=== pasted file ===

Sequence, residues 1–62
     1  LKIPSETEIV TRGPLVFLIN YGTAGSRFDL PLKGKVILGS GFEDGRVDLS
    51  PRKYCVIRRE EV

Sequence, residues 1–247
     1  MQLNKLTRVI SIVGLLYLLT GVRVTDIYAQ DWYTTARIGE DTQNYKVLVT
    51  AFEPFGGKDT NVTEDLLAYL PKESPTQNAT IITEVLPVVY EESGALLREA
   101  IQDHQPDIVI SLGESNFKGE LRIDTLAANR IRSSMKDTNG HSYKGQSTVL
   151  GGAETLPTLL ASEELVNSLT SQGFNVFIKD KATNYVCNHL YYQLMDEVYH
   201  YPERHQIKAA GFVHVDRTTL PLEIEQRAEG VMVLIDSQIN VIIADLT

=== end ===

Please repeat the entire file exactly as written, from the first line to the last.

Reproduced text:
Sequence, residues 1–62
     1  LKIPSETEIV TRGPLVFLIN YGTAGSRFDL PLKGKVILGS GFEDGRVDLS
    51  PRKYCVIRRE EV

Sequence, residues 1–247
     1  MQLNKLTRVI SIVGLLYLLT GVRVTDIYAQ DWYTTARIGE DTQNYKVLVT
    51  AFEPFGGKDT NVTEDLLAYL PKESPTQNAT IITEVLPVVY EESGALLREA
   101  IQDHQPDIVI SLGESNFKGE LRIDTLAANR IRSSMKDTNG HSYKGQSTVL
   151  GGAETLPTLL ASEELVNSLT SQGFNVFIKD KATNYVCNHL YYQLMDEVYH
   201  YPERHQIKAA GFVHVDRTTL PLEIEQRAEG VMVLIDSQIN VIIADLT